New therapeutic target for treating AML

View:160 Time:2017-11-13

Acute myeloid leukemia (AML) is a fast-growing cancer of the myeloid line of blood cells. Most AML patients who achieve complete remission after initial treatment will eventually relapse. That's what makes the disease so hard to handle.

A team of researchers from Germany and Israel set out to address this question. Published online 8 November 2017 in the journal Nature, their study provides a new therapeutic target to compromise leukemia stem-cell function in certain patients.

Growing evidence supports a critical role of cancer stem cells in the development of drug resistance, metastasis, and relapse. The team compared the protein composition of cancer cells with or without stem cell properties in samples from AML patients, with the help of high-resolution proteomic techniques. They discovered that AML stem-cell population had increased BCAT1 protein, which is an enzyme critical for the breakdown of essential branched-chain amino acids (BCAA), and enhanced BCAA pathway.

Recent studies have linked the BCAA pathway and high BCAT1 levels to cancer aggressiveness. Bernhard Radlwimmer, a co-lead researcher of the new study who is from German Cancer Research Center (DKFZ), previously found that BCAA catabolism had an eminent role in glioblastoma, and silencing of BCAT1 significantly reduced breast tumor volume in mice. The evidence indicates that BCAT1 overexpression could contribute to the aggressiveness of these cancers. But the precise mechanisms have not been completely elucidated.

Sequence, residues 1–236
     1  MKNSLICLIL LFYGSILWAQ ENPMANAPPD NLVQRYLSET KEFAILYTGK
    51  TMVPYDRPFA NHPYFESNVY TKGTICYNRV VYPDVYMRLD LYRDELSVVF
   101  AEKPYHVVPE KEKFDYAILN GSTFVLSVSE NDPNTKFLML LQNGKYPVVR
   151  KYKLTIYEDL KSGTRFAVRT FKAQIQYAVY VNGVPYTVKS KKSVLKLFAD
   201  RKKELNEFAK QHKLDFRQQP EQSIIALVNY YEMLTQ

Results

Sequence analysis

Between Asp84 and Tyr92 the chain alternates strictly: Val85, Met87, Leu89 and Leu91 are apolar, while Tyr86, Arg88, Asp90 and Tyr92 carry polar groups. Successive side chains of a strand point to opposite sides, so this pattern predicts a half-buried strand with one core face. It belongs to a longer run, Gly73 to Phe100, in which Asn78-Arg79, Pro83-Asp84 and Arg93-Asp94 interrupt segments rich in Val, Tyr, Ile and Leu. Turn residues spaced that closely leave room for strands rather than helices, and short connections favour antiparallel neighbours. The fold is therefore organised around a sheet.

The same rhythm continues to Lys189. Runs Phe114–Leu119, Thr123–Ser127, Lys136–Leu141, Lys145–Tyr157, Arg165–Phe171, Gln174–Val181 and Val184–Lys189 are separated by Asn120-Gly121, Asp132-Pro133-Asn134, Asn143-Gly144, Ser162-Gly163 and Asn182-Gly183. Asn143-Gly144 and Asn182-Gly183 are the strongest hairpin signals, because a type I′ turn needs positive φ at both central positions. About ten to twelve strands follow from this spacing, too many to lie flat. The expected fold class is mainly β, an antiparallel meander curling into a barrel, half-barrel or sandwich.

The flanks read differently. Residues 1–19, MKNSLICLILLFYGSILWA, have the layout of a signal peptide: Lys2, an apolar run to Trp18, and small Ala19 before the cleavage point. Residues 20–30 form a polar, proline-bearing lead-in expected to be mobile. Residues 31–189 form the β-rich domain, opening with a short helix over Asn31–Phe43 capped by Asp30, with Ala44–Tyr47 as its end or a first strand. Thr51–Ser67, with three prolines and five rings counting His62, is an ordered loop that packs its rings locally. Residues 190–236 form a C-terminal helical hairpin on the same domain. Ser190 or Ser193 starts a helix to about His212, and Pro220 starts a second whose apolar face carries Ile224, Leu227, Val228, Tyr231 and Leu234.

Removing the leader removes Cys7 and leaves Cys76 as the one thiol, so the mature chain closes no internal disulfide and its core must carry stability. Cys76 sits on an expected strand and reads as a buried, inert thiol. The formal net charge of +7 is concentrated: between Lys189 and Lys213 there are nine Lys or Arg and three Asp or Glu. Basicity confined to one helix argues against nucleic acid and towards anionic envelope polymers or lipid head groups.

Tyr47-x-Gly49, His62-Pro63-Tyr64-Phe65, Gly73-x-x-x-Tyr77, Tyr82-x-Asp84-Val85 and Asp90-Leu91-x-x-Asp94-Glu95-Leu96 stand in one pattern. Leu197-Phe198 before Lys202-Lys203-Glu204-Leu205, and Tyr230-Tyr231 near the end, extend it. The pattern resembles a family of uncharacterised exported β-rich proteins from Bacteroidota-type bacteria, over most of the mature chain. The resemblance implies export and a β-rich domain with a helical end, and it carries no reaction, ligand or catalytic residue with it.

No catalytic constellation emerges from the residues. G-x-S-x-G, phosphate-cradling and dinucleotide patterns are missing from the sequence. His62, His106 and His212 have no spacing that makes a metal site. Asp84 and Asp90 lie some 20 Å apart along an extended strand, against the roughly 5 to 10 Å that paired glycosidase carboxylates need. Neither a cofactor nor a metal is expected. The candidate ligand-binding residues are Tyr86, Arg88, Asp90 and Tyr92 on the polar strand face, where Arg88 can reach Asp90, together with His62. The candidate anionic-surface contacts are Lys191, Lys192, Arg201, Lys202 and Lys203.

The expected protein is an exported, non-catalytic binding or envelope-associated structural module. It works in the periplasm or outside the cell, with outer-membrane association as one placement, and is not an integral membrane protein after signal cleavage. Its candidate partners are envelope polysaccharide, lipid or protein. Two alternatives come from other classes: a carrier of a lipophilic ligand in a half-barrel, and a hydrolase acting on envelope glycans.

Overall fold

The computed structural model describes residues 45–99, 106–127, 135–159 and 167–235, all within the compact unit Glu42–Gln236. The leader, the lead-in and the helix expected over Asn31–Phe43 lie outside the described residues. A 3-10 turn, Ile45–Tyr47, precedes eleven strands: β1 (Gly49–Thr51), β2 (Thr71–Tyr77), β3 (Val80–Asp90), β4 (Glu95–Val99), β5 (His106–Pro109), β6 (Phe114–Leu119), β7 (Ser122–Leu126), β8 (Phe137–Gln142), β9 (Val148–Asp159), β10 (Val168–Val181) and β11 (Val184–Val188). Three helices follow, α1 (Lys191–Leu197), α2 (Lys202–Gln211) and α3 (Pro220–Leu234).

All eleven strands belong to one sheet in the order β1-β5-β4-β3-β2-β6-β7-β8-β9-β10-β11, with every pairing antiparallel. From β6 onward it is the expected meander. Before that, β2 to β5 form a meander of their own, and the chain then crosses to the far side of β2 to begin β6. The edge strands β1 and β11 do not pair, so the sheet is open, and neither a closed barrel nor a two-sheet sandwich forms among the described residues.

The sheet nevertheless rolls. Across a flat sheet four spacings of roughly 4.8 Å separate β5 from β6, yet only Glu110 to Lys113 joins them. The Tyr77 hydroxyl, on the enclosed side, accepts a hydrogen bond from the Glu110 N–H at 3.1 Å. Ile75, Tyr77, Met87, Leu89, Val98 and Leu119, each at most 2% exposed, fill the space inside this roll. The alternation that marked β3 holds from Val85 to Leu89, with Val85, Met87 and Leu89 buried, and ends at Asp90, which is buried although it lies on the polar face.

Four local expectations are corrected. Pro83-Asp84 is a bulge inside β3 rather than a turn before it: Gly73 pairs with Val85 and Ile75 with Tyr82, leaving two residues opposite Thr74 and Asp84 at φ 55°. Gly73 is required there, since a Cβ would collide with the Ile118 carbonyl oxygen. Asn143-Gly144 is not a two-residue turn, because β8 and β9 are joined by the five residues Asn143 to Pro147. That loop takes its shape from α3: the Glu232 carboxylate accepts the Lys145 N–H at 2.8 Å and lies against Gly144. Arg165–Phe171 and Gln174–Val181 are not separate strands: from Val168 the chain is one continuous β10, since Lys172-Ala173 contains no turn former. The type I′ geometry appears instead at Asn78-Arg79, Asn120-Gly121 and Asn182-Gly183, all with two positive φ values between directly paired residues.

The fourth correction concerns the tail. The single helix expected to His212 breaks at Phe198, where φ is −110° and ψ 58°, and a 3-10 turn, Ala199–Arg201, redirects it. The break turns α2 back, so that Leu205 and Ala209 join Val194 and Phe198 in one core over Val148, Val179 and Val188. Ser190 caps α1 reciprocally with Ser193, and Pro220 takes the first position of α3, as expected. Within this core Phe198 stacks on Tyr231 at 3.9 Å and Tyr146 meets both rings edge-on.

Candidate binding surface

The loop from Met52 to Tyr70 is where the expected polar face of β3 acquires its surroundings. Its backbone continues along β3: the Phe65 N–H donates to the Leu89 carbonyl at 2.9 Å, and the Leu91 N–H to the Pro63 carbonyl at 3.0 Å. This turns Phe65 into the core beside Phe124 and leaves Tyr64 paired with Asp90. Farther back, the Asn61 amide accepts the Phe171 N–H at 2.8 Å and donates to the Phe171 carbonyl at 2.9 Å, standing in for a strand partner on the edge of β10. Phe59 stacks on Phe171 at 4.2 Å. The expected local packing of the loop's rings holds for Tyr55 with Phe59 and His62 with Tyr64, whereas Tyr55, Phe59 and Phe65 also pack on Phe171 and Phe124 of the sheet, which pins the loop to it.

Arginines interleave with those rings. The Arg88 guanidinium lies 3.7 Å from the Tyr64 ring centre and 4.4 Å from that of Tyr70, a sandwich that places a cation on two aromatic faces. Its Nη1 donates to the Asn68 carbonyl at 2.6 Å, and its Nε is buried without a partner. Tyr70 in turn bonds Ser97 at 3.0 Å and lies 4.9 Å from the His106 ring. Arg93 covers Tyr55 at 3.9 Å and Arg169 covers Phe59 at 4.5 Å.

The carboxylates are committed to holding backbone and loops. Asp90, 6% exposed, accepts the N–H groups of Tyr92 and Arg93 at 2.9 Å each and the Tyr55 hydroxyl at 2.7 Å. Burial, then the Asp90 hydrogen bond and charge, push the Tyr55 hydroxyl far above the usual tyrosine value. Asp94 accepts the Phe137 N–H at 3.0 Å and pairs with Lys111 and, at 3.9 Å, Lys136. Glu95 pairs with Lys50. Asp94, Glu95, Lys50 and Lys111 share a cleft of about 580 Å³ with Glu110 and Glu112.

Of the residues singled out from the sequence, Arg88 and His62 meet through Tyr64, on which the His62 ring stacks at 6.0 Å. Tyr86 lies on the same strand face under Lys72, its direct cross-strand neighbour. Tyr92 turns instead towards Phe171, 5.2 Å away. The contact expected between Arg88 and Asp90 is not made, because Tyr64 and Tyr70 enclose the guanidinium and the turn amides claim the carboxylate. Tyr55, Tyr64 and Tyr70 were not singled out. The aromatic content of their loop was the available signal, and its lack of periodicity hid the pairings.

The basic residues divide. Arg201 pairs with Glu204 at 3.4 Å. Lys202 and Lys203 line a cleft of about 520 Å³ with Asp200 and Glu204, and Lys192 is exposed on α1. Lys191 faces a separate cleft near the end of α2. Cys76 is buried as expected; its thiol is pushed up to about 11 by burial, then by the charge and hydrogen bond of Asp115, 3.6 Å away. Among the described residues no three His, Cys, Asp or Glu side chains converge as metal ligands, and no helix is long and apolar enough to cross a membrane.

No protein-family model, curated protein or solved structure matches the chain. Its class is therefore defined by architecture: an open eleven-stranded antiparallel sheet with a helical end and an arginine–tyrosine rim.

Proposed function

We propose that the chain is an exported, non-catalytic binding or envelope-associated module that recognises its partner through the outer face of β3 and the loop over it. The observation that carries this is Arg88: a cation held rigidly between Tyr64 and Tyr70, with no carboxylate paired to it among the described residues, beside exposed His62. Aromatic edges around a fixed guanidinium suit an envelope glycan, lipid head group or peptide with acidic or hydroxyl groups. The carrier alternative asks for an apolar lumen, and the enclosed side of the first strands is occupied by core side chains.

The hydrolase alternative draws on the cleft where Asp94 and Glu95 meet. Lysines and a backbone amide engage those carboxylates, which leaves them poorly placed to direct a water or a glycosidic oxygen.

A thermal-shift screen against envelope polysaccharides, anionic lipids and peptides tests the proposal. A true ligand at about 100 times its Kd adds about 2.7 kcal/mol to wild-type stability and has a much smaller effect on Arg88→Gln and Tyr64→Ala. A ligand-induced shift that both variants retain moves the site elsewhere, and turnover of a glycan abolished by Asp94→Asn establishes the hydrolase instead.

In this work, the team identified BCAT1 as a critical regulator of intracellular α-ketoglutarate (αKG) homeostasis. αKG is an important biological compound and is an intermediate in the energy production process  -- the citric acid cycle (CAC). The team found that BCAT1 knockdown in leukemia cells triggered αKG accumulation, eventually impairing the ability of cancer cells to grow, survive, and initiate novel cancer formation. In contrast, BCAT1 overexpression in leukemia cells led to reduced intracellular αKG levels and triggered DNA hypermethylation, which altered gene expression in a way that could promote cancer development.

Taken together, the results suggest that BCAT1 overexpression could cause cancer-promoting methylation in AML cells. Therefore, drugs that block BCAT1 may normalize DNA methylation and prevent cancer progression.
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